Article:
Specific point in which concentrations above it are metastable and capable of initiating crystal growth and heterogeneous nucleation
What is the Kfp (formation product)?
Specific point that if you go above it, supersaturation levels are unstable and spontaneous homogeneous nucleation may occur
What is the nucleation theory of stone formation?
Urinary stones originate from crystals or foreign bodies immersed in supersaturated urine.
What is the crystal inhibitor theory of stone formation?
Calculi form owing to the absence or low concentration of natural stone inhibitors
Name 4 natural stone inhibitors.
1. Magnesium
2. Citrate
3. Pyrophosphate
4. Trace metals
What are the 2 materials making up a calculus?
1. Crystal (major component)
2. Matrix
2 theories for stone formation are...
1. Nucleation theory
2. Crystal inhibitor theory
Name 3 main steps involved in stone formation.
1. Nucleation
2. Growth
3. Aggregation
What is another name for heterogeneous nucleation?
What is matrix composed of?
Mostly of protein with small amounts of hexose and hexosamine
What are the 2 principal precursors of oxalate?
1. Glycine
2. Ascorbic acid
What toxin is associated with excess oxalate?
Ethylene glycol ingestion
What diseases are associated with hyperoxaluria and why?
1. IBD
2. Small-bowel resection
3. Bowel bypass

B/c oxalate is reabsorbed by the small intestine and the rest gets filtered by the kidney
Uric acid is the by-product of _____ metabolism.
Why is sodium restriction important in reducing stone formation?
Sodium may play a role in initiating crystal development and aggregation (b/c high dietary sodium intake increases urinary calcium excretion secondary to sodium-induced increase in bicarbonaturia.)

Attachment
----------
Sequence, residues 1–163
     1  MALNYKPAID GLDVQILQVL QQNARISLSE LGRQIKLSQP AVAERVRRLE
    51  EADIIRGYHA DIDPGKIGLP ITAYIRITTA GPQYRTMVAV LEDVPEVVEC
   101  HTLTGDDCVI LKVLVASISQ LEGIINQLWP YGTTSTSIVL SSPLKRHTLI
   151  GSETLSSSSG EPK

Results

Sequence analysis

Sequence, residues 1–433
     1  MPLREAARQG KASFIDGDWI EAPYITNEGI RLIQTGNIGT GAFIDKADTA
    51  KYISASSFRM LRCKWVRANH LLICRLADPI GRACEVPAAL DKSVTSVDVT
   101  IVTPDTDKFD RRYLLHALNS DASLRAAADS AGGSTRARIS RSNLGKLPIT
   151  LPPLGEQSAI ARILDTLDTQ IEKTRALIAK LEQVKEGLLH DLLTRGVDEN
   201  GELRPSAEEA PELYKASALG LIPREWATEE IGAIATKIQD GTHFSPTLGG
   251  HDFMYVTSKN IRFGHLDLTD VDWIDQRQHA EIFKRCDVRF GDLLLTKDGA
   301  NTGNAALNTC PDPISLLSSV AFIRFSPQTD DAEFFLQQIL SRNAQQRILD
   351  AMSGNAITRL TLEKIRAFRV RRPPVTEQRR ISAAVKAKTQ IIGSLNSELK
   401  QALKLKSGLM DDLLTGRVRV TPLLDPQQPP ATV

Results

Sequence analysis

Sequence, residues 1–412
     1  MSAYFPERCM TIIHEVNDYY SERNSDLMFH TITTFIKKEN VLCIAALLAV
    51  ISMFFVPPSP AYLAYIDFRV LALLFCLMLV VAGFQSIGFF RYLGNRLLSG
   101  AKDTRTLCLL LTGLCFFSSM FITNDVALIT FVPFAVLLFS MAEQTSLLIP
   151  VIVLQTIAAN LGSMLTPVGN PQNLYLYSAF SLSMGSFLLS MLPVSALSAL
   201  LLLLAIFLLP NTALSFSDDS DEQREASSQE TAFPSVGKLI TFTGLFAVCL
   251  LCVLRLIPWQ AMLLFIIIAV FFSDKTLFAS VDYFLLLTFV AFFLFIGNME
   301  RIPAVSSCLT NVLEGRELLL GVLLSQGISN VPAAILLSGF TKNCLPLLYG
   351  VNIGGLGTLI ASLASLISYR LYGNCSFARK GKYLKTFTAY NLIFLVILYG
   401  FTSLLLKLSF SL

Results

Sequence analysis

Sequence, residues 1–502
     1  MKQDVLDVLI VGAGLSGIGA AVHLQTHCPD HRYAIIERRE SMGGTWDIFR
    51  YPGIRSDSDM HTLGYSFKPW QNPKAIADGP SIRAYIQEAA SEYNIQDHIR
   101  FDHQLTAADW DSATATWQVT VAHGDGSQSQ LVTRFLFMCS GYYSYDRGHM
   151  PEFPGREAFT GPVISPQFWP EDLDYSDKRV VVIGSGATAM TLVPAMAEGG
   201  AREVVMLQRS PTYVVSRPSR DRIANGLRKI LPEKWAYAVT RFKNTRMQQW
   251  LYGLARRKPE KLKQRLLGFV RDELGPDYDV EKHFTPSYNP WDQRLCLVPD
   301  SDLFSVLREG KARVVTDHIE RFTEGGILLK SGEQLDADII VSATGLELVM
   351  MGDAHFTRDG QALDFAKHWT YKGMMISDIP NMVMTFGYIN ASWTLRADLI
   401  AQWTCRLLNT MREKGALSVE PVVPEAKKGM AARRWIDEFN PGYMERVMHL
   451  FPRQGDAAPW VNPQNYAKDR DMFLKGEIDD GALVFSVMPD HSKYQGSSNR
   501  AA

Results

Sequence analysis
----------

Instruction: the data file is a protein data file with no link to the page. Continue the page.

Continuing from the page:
Name 3 patient-types who may have citrate deficiency.
1. RTA type I
2. Chronic diarrhea
3. Chronic thiazide therapy
What might be a factor influencing the increased incidence of stones in pregnancy?
Estrogen increases citrate excretion
Name 4 main etiologies of calcium nephrolithiasis.
1. Elevated urinary calcium
2. Decreased urinary citrate
3. Elevated urinary uric acid
4. Elevated urinary oxalate
Name 8 diseases associated with nephrocalcinosis.
1. Hyperparathyroidism
2. RTA
3. Sarcoidosis
4. Milk Alkali Syndrome
5. Excessive Vitamin D intake
6. Medullary sponge kidney
7. Osteolytic lesions
8. Multiple myeloma
How is most dietary calcium excreted?
Where is most calcium absorbed?
Name 3 types of absorptive hypercalciuria.
1. Type I: independent of diet (15% of all calcareous calculi)
2. Type II: Dietary dependent (common)
3. Type III: Phosphate renal leak (5%)
How is Type I absorptive hypercalciuria treated?
1. Cellulose phosphate with meals
2. Alternative treatment: thiazides
How is Type II absorptive hypercalciuria treated?
Limit calcium intake to 400-600mg/day
How is Type III absorptive hypercalciuria treated?
Phosphate replacement with orthophosphate (neutra-phos) (after meals and before bedtime)